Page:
RE: If you think...
By timothyd97402 on 4/25/2013 4:49:42 PM , Rating: 2
Once upon a time there was a law against CORPORATE campaign donations. Only individual PEOPLE were allowed to contribute and then only so much.

There was your solution. A level playing field for all citizens to put their money where there mouth is. Too bad the Supreme Court tossed that Campaign Finance law a few years back.

As Mittens told us in his recent campaign, "corporations are people too, my friend".


RE: If you think...
By DT_Reader on 4/25/2013 3:43:02 PM , Rating: 3
Big media doesn't want tighter control over copying, they want tighter control over playback. Disney in particular want you to pay-per-view. It absolutely sickens them that they only get $15/DVD when they could get $1.30/viewing like RedBox does. Their big problem is enforcement - even Congress won't pass a law demanding a coin slot on every DVD player.


Basic changes
By Dorkyman on 4/25/2013 11:12:20 AM , Rating: 5
Copyright is basically ignored and mocked by an overwhelming percentage of the population because it is perceived as being unfairly stacked in favor of the holder.

Who hasn't laughed at the absurdity of seeing a restaurant server not being allowed to sing "Happy Birthday" to a customer because of potential copyright litigation?

The solution is obvious: copyright law should have the same protections as patent law, its first cousin. The creator has dibs for 20 years. After that, their creation belongs to the world.




RE: Basic changes
By Integral9 on 4/25/2013 11:53:28 AM , Rating: 2
And Warner Music is the current copyright troll.


Fools
By Ammohunt on 4/25/2013 11:26:10 AM , Rating: 2
Copyright owners really need to do some serious market research to get in touch with the consumers of their products. Examples such as Game of Thrones where HBO was happy to keep it an exclusive subscriber only to have is be the most pirated show in history. I feel the only reason it turned up on iTunes for the second season what because of that stigma and not because HBO had any modern idea of its market.

EA and giant entertainment software companies still refuse to believe their consumers do not want DRM Simcity anyone? There is also price point; $60 a game invites pirates or excludes a huge segment of casual gamers. Services such as Stem have proven that good games at an affordable price ~$30 builds market share and builds return customers and actually i feel discourages piracy i.e. why pirate a $10 game?. It also allows older copyright material to be re-monetized cheaply creating side revenue streams which ultimately can result in taking the stress off of always having to deliver a big named title.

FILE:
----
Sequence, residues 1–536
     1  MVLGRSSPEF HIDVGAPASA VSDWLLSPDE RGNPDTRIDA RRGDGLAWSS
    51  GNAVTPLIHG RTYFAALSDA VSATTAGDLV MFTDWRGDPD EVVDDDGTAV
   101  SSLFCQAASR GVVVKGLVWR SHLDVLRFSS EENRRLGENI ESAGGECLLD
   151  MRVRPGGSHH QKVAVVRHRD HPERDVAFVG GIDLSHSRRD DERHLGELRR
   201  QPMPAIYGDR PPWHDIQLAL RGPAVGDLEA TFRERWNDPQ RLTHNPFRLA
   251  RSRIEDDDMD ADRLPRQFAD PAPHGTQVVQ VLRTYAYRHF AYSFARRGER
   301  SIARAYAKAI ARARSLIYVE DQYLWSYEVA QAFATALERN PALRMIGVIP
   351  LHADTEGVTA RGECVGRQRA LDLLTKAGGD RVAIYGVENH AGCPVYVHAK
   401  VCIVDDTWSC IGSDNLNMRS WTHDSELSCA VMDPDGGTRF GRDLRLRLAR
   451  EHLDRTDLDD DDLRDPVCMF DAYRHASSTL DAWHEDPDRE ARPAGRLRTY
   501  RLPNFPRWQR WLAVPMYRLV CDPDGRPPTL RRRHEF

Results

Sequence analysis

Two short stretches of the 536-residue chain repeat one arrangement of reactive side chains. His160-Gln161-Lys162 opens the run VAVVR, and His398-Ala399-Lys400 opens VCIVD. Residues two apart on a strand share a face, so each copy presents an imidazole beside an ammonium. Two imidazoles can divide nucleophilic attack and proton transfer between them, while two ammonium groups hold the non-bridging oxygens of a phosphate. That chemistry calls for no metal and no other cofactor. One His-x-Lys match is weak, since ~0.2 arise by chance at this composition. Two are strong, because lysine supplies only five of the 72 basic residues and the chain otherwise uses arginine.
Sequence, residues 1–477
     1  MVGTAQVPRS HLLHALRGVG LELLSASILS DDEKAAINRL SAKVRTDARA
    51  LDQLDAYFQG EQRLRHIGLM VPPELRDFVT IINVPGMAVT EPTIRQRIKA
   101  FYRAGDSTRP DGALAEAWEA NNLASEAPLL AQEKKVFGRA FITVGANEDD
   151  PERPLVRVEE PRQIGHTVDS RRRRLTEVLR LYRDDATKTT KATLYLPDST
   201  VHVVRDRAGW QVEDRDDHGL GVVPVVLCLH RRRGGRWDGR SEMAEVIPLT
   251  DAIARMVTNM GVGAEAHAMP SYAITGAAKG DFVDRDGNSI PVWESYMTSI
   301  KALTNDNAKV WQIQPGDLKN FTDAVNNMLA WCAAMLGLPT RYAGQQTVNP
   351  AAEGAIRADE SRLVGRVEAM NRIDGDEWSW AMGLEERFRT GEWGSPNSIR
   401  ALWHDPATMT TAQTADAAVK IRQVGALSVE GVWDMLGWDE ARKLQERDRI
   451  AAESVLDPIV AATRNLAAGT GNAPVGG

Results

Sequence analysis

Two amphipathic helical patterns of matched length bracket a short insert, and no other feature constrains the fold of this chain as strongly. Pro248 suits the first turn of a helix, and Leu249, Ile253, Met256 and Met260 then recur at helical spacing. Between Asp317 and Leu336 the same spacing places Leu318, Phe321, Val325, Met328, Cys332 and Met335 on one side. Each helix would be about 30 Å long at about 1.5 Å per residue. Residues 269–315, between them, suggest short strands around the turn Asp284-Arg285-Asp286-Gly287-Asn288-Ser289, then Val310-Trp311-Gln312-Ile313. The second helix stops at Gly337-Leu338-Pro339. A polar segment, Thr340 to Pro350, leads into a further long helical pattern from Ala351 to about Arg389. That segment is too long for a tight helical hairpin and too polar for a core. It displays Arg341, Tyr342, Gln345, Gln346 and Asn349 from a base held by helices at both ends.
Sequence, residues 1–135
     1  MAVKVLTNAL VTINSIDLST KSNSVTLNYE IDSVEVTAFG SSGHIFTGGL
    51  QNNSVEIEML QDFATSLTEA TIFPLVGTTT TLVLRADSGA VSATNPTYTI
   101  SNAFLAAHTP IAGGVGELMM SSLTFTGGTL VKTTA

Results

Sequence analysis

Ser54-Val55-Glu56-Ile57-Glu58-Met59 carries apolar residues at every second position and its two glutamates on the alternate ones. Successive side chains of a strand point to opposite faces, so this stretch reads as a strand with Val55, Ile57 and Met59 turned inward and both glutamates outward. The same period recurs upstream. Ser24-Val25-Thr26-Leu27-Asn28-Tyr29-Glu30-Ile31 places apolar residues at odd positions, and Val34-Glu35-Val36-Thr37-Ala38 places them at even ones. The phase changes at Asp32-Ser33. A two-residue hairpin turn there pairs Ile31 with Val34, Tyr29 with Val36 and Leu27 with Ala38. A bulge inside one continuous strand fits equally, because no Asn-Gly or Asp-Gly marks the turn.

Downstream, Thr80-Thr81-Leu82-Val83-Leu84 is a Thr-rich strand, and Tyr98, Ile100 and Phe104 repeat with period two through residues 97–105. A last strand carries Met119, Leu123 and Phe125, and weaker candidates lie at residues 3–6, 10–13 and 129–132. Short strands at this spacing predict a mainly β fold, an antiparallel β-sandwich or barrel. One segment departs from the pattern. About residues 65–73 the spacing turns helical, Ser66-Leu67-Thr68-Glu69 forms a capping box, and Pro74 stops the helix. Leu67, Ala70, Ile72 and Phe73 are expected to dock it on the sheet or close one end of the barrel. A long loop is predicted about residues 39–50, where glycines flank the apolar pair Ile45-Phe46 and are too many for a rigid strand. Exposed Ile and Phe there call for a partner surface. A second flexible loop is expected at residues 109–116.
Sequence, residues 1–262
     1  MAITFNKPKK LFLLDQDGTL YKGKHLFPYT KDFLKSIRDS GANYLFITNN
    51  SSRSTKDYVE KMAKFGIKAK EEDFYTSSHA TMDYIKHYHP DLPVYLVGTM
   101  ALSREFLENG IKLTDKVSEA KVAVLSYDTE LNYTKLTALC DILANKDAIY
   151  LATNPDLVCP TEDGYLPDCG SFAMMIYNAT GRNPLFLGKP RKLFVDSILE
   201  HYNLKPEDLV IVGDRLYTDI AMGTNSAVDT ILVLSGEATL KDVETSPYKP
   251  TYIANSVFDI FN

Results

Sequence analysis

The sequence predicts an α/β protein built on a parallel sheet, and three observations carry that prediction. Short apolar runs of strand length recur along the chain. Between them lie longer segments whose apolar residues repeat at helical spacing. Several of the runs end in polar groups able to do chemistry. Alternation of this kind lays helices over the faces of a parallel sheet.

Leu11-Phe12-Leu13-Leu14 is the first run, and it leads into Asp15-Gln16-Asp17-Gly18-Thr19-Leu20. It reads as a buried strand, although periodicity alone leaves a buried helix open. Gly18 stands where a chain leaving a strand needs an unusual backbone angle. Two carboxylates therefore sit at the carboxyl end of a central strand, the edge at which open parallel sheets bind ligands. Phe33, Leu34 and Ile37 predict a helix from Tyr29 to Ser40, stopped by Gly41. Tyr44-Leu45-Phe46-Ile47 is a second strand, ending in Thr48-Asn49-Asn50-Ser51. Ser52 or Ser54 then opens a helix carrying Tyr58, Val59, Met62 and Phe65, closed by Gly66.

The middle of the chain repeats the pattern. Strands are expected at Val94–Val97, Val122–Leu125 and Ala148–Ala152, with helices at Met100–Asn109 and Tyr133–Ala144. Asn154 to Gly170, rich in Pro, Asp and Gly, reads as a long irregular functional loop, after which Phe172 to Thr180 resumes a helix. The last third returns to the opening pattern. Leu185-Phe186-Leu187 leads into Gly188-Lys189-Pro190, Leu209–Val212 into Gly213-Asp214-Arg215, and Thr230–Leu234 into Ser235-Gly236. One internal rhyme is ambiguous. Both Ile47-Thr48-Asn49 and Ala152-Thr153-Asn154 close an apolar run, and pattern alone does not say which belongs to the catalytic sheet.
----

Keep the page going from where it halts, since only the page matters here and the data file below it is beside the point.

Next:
RE: Fools
By HoosierEngineer5 on 4/25/2013 11:55:59 AM , Rating: 1
I won't allow any company to tell me if/when I can use any 'licenced' content I have purchased. In the last few years, I have purchased all my games from GOG.com.

I have had WAY too many problems with companies' DRM getting in the way of being able to use the content (that includes you, Valve). It's just not worth it to me.


RE: Fools
By bug77 on 4/25/2013 12:26:15 PM , Rating: 2
Eh, big media makes tons of money while they are allowed to control distribution. From their point of view, there's no reason to relinquish that control. The most profitable course of action is to maintain the status quo. And they're a business, not a charity, so...


If Congress is serious...
By DT_Reader on 4/25/2013 3:56:12 PM , Rating: 2
They can start with firmware. There's no way I'm a threat to Sony if I hack my toy dog. The fact that you could hack it is what drove sales; when Sony cracked down on that I lost all interest in owning one, and look - they don't make them anymore. Does anyone think they stopped making them because they were tired of earning money on that product line?

Cannon sells a ton (OK, maybe a half-ton) of cameras because there's dozens of web sites telling you how to hack them. The first kids to take pictures from 90 miles up for under $200 did it with a hacked Cannon camera. Cannon is smart enough to know not to kill the goose that lays the golden eggs, and the worst they'll do is void your warranty, as is their right.

We shouldn't have to learn the hard way to patronize the Cannons and shun the Sonys - the law should be on our side from the beginning.




By brucek2 on 4/25/2013 4:24:22 PM , Rating: 2
The Constitution had it right from the beginning -- the purpose of this law is to "promote the arts and sciences" and the mechanism is to give exclusive rights for a "limited time."

Somehow this smart, balanced approach has been corrupted. The "limited time" is all but out the window with rights lasting multiple generations. And the "promote" has become "make sure nearly all benefits accrue to business (even long after the artist or scientist is dead), and only to the people to the extent they consume in the manner chosen by the business, and pay the amount demanded by the business."

I think the goal ought to start with the citizens. Citizens are enriched by arts & sciences and its good that creators have incentives to pursue them. But the goal of the law should be to do just enough to encourage that pursuit, while also seeking to maximize the eventual distribution of all creations for the good of all.

Today digital distribution is mostly thought of for entertainment like music & movies. But over the next decades and generations, we'll have "burners" for more than just CDs and DVDs -- its not impossible we'll be able to "burn" clothes, medicine, basic goods, and who knows what else.

It could be the start of vastly improving the quality of life for all the globe -- but will we use it for that purpose, or will we insist on trying to keep the systems that were forged from the now-obsolete limits of a prior age?




Minor Correction
By bgdodobird on 4/25/2013 5:13:28 PM , Rating: 2
Bob Goodlatte is a Republican.

Otherwise, great read :-)




"A politician stumbles over himself... Then they pick it out. They edit it. He runs the clip, and then he makes a funny face, and the whole audience has a Pavlovian response." -- Joe Scarborough on John Stewart over Jim Cramer